The Snow divorce was not the only high-profile separation going on within La Rochelle. Prominent opera figures Emil Fischer, who was about 60-years old and his 30-year old soprano wife, Camille Seygard moved in shortly after their marriage in 1900. The Morning Telegraph called Fischer "one of the best bassos in the world."
On May 7, 1902 The Evening World reported "It may interest a good many persons in New York to know that Emil Fischer, the ponderous basso, and Camille Seygard, the opera company singer...are no longer husband and wife."
|A cabinet card depicted Fischer in the role of Wotan in Das Rheingold|
Their troubles had started in the fall of 1901 when, according to Madame Seygard, her husband had turned his attentions to Paola Wheinig, whom The Evening World brusquely described as "another singer of less renown, but with apparently more charms for the basso." With her suspicions aroused, Seygard did not inform her husband that she was returning unexpectedly from a concert tour in January 1902.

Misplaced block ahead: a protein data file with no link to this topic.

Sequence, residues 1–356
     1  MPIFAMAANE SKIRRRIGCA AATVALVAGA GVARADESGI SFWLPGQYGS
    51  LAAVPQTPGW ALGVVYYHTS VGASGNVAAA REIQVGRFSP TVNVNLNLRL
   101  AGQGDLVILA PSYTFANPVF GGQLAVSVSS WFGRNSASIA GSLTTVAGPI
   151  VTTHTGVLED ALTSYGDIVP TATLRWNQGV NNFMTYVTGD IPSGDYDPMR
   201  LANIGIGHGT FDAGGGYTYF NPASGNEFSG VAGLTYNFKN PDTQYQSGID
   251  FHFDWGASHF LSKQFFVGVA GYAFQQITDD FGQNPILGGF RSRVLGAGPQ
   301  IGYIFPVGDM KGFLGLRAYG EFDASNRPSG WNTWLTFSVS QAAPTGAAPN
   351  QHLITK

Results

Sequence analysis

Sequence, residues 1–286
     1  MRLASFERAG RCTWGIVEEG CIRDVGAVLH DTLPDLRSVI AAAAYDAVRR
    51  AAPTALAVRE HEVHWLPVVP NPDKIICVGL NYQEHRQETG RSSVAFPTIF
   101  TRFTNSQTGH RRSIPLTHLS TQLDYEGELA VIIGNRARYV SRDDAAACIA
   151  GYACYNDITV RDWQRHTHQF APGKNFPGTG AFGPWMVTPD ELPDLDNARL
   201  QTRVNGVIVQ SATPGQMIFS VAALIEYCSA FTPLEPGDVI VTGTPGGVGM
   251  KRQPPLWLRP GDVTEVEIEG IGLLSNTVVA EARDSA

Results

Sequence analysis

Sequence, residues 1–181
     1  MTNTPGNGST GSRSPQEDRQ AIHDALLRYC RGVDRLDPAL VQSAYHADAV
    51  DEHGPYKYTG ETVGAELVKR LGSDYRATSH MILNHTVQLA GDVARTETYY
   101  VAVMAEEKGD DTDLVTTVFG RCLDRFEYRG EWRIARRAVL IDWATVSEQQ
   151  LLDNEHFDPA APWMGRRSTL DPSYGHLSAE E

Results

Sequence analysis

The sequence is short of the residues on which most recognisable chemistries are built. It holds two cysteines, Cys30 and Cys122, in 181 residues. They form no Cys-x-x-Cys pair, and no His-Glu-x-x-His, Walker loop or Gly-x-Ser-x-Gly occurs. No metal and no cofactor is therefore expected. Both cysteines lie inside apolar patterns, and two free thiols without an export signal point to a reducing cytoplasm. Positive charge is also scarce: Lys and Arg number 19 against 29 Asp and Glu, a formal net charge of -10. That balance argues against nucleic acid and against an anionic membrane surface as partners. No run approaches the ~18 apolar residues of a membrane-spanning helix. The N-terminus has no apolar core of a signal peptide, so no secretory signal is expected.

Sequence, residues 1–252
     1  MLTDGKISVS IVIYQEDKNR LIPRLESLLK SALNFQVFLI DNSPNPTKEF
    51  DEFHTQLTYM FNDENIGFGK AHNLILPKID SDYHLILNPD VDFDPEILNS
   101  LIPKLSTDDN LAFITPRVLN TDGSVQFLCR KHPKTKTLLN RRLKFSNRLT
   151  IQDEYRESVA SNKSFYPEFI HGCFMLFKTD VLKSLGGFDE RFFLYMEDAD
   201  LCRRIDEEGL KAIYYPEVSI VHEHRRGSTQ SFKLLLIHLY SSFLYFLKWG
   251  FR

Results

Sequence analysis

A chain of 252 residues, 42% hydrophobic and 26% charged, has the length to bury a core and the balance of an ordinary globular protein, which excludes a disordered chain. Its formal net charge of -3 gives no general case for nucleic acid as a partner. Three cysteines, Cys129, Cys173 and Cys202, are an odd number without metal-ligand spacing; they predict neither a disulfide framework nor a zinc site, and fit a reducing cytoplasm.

|Camille Seygard's domestic bliss was short lived. from the collection of the Library of Congress|
Domestic strife seemed rampant in La Rochelle. Another well-heeled couple, William Talbot Perry and his wife, the former Grace Wells, seemed to have the ideal relationship and lifestyle. The had moved into La Rochelle following their fashionable wedding in London's St. George's Church in 1899. The Evening World said on March 16, 1903, "They had their automobile, their yacht, their summer home. It looked like a perpetual honeymoon."